Emergency consultants value medical scribes and most prefer to work with them, a few would rather not: a qualitative Australian study

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Abstract

Objective

The utilisation of medical scribes in the USA has enabled productivity gains for emergency consultants, though their personal experiences have not been widely documented. We aimed to evaluate the consultant experience of working with scribes in an Australian ED.

Methods

Emergency consultants working with scribes and those who declined to work with scribes were invited to participate in individual interviews (structured and semistructured questions) about scribes, scribe work and the scribe program in October 2016.

Results

Of 16 consultants, 13 participated in interviews, that is, 11 worked with scribes and 2 did not and 3 left Cabrini prior to the interviews. Consultants working with scribes found them most useful for capturing initial patient encounters, for finding information and completing discharge tasks. Scribes captured more details than consultants usually did. Editing was required for omissions, misunderstandings and rearranging information order, but this improved with increasing scribe experience. Consultants described changing their style to give more information to the patient in the room. Consultants felt more productive and able to meet demands. They also described enjoyment, less stress, less cognitive loading, improved ability to multitask, see complex patients and less fatigue.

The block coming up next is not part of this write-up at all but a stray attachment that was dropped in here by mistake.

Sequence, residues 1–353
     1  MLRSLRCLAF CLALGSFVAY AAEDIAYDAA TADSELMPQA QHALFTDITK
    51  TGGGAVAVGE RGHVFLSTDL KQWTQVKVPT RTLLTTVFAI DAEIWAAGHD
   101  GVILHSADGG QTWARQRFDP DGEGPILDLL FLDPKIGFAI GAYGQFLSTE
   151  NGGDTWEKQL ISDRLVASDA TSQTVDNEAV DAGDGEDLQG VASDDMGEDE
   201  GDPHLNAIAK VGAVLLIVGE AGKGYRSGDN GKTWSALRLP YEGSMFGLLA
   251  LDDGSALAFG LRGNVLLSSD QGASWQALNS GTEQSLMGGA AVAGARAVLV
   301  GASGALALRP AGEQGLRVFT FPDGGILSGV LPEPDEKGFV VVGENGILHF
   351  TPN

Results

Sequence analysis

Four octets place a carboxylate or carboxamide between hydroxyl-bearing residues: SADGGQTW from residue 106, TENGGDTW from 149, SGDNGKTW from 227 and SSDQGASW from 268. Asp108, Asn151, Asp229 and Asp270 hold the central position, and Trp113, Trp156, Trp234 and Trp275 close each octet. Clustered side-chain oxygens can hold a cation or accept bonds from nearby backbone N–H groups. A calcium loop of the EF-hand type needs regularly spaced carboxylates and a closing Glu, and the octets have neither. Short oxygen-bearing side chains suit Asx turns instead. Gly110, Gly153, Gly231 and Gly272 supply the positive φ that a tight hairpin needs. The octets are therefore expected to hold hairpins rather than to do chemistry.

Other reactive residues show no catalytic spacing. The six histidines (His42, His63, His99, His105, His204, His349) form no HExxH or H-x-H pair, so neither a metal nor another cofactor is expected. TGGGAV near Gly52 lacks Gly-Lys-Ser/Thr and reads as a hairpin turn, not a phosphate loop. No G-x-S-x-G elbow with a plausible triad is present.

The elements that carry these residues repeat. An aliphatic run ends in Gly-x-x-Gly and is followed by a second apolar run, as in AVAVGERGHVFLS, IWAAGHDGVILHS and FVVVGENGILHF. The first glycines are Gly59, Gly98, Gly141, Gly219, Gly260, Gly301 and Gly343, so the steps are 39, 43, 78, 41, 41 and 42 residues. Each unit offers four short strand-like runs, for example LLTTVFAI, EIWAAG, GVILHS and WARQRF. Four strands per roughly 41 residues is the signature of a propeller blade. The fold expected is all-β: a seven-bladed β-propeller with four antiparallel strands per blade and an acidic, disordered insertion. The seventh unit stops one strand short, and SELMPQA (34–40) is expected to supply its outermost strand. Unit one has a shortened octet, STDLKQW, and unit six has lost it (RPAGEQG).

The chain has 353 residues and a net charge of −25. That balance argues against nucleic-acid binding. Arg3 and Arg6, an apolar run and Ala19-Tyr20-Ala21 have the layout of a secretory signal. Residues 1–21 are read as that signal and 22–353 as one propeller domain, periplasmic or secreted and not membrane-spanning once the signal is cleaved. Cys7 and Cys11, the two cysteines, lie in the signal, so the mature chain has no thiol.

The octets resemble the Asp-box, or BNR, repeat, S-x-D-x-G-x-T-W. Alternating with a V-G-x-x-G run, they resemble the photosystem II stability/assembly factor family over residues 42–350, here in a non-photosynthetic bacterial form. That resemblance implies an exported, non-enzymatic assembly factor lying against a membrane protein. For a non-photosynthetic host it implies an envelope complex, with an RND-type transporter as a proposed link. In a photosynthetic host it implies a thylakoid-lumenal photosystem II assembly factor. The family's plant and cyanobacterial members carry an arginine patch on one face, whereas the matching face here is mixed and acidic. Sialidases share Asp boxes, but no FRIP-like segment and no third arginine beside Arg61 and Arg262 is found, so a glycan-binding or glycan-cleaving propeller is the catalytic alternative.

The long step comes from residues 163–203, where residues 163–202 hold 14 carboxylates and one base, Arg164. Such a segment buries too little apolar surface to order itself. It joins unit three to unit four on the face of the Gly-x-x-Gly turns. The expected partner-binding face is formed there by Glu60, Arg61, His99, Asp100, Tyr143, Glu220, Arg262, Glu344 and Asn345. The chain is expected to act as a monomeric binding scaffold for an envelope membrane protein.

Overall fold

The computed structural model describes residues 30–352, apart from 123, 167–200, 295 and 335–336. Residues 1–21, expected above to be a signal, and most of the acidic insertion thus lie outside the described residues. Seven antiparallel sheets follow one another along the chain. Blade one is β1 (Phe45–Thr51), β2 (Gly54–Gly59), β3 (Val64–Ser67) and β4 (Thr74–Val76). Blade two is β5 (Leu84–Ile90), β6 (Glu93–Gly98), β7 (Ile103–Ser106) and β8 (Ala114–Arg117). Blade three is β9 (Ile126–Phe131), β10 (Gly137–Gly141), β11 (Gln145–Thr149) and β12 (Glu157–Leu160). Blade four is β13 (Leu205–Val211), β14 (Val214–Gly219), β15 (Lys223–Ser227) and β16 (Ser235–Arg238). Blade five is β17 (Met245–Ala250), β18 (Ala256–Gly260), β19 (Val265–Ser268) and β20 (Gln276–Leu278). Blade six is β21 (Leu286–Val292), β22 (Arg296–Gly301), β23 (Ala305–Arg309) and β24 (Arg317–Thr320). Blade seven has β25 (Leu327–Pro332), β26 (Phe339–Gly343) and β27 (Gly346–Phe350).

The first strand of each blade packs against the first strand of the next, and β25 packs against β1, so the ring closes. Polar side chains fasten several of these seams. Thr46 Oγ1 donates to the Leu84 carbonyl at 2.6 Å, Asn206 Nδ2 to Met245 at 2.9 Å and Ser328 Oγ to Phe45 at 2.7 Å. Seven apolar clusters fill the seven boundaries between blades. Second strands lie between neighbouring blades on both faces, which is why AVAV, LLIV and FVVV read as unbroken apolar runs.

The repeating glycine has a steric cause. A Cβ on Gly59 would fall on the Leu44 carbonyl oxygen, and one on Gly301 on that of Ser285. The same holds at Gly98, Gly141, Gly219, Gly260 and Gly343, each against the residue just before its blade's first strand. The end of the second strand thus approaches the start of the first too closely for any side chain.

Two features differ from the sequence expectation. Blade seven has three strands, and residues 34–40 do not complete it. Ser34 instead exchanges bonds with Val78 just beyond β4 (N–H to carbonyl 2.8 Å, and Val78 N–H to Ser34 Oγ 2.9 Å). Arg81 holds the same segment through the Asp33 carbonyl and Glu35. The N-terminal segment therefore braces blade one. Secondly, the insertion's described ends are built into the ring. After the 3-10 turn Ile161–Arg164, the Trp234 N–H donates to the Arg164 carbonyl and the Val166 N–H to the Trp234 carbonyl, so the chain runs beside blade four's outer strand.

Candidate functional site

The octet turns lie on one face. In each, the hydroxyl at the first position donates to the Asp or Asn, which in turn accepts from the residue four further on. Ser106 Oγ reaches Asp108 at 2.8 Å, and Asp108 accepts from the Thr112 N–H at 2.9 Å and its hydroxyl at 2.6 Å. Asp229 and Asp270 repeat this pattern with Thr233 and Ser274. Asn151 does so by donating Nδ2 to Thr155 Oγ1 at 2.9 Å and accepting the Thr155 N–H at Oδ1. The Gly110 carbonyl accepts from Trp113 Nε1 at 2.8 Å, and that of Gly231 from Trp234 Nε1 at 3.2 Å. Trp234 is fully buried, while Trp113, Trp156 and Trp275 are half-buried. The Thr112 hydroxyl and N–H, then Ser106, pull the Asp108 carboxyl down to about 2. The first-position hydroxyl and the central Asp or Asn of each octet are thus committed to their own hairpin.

Results

In interviews with the two consultants declining scribes, theme saturation was not achieved. Consultants declining scribes preferred to work independently. They did not like templated notes and felt that consultation nuances were lost. They valued their notes write-up time as time for cognitive processing of the presentation. They thought the scribe and computer impacted negatively on communication with the patient.

Conclusion

Medical scribes were seen to improve physician productivity, enjoyment at work, ability to multitask and to lower stress levels. Those who declined scribes were concerned about losing important nuances and cognitive processing time for the case.

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